In Gatsby lies his ticket—or perhaps he thinks.

I’m just going to be frank. I do not think Leo is at all capable of playing the character of Jay Gatsby. I do not think that Tobey Maguire is at all capable of playing Nick Carraway, and I do not think that Carey Mulligan is at all capable of playing Daisy Buchanan. Isla Fischer… Well, I suppose it’s obvious at this point.

At one point in the novel, the character of Gatsby murmurs to Nick something about Daisy’s voice being “full of money.” Nick ripples with epiphany. He finally realizes what lies at the crux of Daisy Buchanan: money. In a fluorescent climactic comment on the disillusionment of the materialism of the 1920s, Fitzgerald imparts to us the true purpose of Daisy as a symbol. She is money—she is possession and superficiality. This is a role that, unfortunately, I cannot possibly see Carey Mulligan pulling off. She has more than proved herself a solid, convincing actress, and has time and again impressed me with her insight into her roles, but the role of Daisy is quite different. At least, it’s different to me. Daisy is the fulcrum on which Gatsby pivots—she must follow the course of beguiling ambiguity into madness and disaster just as Fitzgerald intended. This is a role I am sorry to say that even Meryl Streep would struggle with. It is not enough to see the world through a materialistic early century woman’s eyes—to be Daisy is to move the entire story. As I’m sure Fitzgerald knew, to be Daisy is to move the earth.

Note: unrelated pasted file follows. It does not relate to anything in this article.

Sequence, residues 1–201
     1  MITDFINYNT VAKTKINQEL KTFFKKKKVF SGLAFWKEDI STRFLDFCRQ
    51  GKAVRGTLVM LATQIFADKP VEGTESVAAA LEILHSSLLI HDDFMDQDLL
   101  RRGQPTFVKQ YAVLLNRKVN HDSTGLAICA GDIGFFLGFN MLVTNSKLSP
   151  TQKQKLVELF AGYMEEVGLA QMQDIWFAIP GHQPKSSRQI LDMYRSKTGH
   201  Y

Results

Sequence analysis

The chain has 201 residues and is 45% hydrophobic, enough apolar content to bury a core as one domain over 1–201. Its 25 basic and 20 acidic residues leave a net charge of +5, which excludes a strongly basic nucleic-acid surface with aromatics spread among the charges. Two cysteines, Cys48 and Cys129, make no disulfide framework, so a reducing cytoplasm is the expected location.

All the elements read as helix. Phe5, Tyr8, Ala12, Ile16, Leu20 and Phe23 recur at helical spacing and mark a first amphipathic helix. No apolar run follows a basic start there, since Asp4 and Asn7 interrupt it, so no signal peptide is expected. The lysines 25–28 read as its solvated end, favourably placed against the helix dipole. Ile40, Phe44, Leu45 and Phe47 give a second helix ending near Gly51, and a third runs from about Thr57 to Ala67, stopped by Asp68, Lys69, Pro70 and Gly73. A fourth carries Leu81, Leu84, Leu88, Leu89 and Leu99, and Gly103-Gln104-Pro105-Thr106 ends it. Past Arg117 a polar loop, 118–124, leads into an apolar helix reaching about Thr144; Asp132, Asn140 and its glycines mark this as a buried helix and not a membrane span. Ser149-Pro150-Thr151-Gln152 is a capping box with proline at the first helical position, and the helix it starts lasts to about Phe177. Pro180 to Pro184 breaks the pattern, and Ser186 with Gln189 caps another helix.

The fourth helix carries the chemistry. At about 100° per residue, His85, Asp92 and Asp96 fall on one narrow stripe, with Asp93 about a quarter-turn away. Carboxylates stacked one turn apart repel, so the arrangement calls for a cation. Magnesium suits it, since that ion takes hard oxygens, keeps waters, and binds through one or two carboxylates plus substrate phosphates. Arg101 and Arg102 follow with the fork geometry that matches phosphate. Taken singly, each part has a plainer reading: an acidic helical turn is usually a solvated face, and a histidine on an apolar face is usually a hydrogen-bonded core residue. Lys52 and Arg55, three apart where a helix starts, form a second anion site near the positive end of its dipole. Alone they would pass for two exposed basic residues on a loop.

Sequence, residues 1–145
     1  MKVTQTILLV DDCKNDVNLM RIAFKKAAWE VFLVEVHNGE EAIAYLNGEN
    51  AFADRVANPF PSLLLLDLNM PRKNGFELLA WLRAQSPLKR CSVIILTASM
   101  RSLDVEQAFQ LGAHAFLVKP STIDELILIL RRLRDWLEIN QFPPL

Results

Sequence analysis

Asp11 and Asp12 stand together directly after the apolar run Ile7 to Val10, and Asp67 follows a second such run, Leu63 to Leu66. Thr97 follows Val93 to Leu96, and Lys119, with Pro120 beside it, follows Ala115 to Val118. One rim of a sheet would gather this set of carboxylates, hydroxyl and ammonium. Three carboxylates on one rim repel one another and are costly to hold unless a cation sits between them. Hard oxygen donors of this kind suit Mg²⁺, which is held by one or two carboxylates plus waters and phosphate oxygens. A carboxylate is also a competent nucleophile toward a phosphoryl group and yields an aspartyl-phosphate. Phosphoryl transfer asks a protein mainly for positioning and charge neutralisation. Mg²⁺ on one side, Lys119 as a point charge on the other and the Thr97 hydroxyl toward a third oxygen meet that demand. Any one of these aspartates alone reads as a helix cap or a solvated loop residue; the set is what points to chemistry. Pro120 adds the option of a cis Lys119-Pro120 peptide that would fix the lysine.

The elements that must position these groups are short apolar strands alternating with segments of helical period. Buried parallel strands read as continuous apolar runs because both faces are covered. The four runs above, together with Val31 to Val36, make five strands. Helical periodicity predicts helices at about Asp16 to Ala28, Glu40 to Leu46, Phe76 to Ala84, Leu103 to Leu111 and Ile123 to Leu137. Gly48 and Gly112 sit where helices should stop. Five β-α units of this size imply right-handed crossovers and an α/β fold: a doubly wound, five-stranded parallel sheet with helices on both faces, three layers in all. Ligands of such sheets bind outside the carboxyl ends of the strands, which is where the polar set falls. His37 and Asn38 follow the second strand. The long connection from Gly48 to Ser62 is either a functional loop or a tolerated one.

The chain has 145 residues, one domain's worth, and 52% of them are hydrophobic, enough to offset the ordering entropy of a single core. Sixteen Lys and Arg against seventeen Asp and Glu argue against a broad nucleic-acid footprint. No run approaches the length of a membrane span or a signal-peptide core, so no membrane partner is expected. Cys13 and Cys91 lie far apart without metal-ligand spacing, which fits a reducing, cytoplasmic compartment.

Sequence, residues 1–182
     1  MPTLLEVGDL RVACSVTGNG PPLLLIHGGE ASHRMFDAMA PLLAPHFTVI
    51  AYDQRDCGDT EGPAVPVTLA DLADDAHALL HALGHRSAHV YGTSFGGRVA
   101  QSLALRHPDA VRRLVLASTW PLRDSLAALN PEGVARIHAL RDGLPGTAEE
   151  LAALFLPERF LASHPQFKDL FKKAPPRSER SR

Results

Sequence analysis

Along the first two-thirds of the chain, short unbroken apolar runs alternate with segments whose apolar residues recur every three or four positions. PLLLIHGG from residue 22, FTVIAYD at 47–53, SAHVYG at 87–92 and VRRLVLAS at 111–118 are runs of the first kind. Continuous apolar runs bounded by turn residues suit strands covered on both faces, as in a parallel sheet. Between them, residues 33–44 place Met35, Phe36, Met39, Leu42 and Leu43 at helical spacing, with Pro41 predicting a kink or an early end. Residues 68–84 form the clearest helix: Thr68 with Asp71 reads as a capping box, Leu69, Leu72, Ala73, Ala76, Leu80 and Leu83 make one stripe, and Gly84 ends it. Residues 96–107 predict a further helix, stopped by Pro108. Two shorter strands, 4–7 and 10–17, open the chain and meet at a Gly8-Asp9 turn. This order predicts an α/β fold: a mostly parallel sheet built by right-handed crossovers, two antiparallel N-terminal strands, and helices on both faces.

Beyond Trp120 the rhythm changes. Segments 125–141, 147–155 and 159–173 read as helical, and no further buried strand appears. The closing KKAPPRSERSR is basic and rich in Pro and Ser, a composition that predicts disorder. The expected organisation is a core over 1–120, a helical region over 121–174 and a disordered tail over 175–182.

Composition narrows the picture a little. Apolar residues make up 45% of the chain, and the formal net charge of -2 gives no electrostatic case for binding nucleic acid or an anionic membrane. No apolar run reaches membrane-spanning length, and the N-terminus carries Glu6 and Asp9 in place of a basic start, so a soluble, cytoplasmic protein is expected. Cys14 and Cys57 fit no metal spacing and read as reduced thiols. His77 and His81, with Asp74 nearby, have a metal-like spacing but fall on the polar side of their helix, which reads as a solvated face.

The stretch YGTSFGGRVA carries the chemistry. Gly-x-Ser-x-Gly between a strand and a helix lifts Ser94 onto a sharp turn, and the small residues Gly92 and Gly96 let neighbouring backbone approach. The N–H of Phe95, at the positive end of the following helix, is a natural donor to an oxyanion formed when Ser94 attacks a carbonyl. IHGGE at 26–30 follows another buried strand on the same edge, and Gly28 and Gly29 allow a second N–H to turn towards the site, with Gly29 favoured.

I recently read a wonderful article on NPR.com (having been referred to it by Mr. Zucker) about the importance of watching movies that you know nothing about, starring actors you know nothing about—meaning, we are too familiar with certain actors and directors. We are told by movie trailers and previous knowledge of actors how to respond to a film before it is ever released. As I stated before, Tobey Maguire (who, as I humorously read on an anonymous film blog, “suddenly has a career again, apparently?”) will forever inspire thoughts of Spiderman. How can I—how can anyone—possibly shake that image off as he tries to be the narrating character in The Great Gatsby? For anyone who has read The Great Gatsby, it is quite obvious that Nick is a nobody. He cannot be anyone but a nobody. He is the mirror and the window through which we see and interpret the other characters. Thus, for an ideal interpretation, he must be transparent. Fitzgerald never describes Nick to us, even though Nick is in fact the narrator. We cannot be distracted by Nick being a solid personality—the face of Spiderman, no less. Nick, if portrayed in film, therefore must be a face unfamiliar to us.

Speaking of faces, Gatsby cannot be portrayed at all. He does not have a face—he cannot have a face. Fitzgerald loosely illustrates Gatsby to us, but even so, Gatsby is shapeless, formless. He is an amorphous entity and he exists as a presence, an idea. If Gatsby were ever to have a face, his would be the fizz of champagne—a big party—a fast car—the click click click of the Charleston—the smell of a fine suit.

For me, Gatsby and the others are notions and theories, and I think this was precisely Fitzgerald’s objective. Just as Daisy was but a dream to Gatsby, the true identities of the characters will continue to float listlessly in the pool of a mansion somewhere in West Egg.